Meet the author: Charles Messenger

Charles Messenger is a renowned historian, who served 21 years with the British Royal Tank Regiment and 13 with the British Territorial Army. Images Of War: Stalag Luft III is published by Greenhill Books.


1. What was the purpose of the breakout from Stalag Luft III in March 1944?

To cause the Germans the maximum possible disruption and embarrassment.

2. In your mind did the breakout achieve anything?

In addition to three home runs, the Great Escape achieved its aim.

3. Was is the duty of an officer at that time to attempt to escape?

There was no laid down order that officers must escape, but they were strongly encouraged to do so, especially by MI9.

4. What was Roger Bushell’s motivation?

He saw escaping as another means of carrying on war against the Germans.

5. Can you describe Bushell and von Lindeiner in five words each?

Bushell: larger than life and very determined

Von Lindeiner: typical Prussian officer of the old school

6. If you had to choose one image in the book as your favourite, or the most important, which would it be?

The picture showing two Prisoners of War disguised as guards, who were given away by the fact that their greatcoats were too short, compared to those of the German guards escorting them.

7. German Prisoners of War made escape attempts from camps in Britain: how similar were their attempts, such as the Devizes breakout, and could any be regarded as successful?

Yes, the Germans did carry out mass escapes, most notable being the break out by 70 men from Island Farm Camp, Bridgend in March 1945. No German, however, made a successful escape from Britain.

8. 50 men were executed after the Stalag Luft III escape: was the disruption caused enough to justify the loss of life?

It should be pointed out that it was expected that most of the escapers would be recaptured, but not that the majority would be executed. Hitler’s rage at the escape (which of course triggered the executions) demonstrates how embarrassed the Nazi regime was. The impact was certainly more that the equivalent of the murdered men – seven heavy bomber crews – dropping their bombload over Berlin. The escape did not, however boost the morale of the Prisoners of War once they were told of the deaths. Indeed, German warnings that the death penalty would now be standard for any escaping and recaptured Prisoner of War served as a deterrent to planning any more major escapes.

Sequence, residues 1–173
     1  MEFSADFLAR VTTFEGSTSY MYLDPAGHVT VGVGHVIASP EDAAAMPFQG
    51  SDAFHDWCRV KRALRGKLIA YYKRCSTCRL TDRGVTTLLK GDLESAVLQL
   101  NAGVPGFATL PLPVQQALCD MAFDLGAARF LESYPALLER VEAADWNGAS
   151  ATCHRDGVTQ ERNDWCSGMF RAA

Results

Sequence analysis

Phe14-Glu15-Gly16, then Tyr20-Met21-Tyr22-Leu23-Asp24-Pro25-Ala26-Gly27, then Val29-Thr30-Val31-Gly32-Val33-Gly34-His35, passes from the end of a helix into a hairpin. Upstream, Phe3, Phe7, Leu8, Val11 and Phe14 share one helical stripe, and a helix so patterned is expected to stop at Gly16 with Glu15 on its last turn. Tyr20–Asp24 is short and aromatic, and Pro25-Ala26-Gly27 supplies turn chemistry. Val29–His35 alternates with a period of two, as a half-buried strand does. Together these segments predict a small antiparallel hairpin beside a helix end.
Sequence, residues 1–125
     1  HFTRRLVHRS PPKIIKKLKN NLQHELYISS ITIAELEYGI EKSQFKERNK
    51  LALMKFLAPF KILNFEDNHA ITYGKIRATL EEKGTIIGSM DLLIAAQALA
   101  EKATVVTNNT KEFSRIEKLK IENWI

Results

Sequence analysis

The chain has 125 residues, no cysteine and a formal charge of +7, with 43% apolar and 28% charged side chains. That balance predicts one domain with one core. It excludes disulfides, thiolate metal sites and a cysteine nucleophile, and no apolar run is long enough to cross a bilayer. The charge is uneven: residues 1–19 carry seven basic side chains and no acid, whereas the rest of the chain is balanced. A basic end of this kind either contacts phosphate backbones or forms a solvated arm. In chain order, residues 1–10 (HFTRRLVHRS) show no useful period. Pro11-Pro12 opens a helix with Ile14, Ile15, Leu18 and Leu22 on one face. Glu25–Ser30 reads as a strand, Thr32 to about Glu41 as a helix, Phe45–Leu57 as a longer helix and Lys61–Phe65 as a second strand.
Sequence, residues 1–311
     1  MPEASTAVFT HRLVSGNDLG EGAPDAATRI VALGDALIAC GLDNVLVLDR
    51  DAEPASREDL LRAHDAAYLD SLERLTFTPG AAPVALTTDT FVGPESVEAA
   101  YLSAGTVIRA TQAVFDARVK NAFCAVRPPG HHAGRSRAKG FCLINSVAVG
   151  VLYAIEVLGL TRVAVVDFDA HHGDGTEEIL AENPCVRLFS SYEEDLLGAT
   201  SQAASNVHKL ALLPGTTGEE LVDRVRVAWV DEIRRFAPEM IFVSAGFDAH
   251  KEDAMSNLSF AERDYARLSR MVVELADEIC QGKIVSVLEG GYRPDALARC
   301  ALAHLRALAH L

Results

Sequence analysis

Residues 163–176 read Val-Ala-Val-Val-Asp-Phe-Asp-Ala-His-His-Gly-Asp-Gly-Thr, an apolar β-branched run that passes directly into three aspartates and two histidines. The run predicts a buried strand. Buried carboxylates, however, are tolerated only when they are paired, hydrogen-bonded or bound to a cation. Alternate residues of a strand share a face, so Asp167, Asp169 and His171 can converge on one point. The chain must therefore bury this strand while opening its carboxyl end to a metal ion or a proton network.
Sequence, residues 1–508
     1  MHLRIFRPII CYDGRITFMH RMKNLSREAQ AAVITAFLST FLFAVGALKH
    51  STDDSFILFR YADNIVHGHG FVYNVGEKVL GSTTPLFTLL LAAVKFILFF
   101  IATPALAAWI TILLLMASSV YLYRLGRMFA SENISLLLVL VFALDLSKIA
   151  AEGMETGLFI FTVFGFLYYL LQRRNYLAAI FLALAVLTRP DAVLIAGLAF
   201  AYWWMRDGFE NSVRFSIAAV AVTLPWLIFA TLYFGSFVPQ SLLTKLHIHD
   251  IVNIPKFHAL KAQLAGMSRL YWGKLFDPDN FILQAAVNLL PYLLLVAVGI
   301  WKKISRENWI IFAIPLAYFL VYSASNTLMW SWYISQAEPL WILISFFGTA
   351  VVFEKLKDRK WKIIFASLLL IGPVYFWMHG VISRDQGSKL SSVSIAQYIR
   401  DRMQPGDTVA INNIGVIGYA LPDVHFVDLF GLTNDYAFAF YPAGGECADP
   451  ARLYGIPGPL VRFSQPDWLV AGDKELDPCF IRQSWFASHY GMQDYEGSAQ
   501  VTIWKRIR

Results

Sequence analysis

9. Was the escape – in the words of Hermann Glemnitz – a ‘silly idea’ and would an operation on a smaller scale have been more effective?

A smaller scale escape would not have had the same effect.

10. Stalag Luft III is known to millions of people throughout the world because of the film, The Great Escape. How accurate is the film? Does it do more damage than good to the legacy of the Prisoners of War?

The film is treasonably accurate, especially the preparations for the escape. It certainly did not damage the Prisoner of War legacy. Rather, it enhanced the reputation of the escapers by giving them an international platform.

11. If you could ask Bushell a question what would it be?

How many of the escapers did you expect to make a home run?

12. Were the Prisoners of War that organised the escape exceptional men? Or ordinary men in exceptional circumstances?

Apart perhaps from Bushell and one or two others, like Wings Day, most were ordinary men in exceptional circumstances.

Images of War: Stalag Luft III is available to order now.

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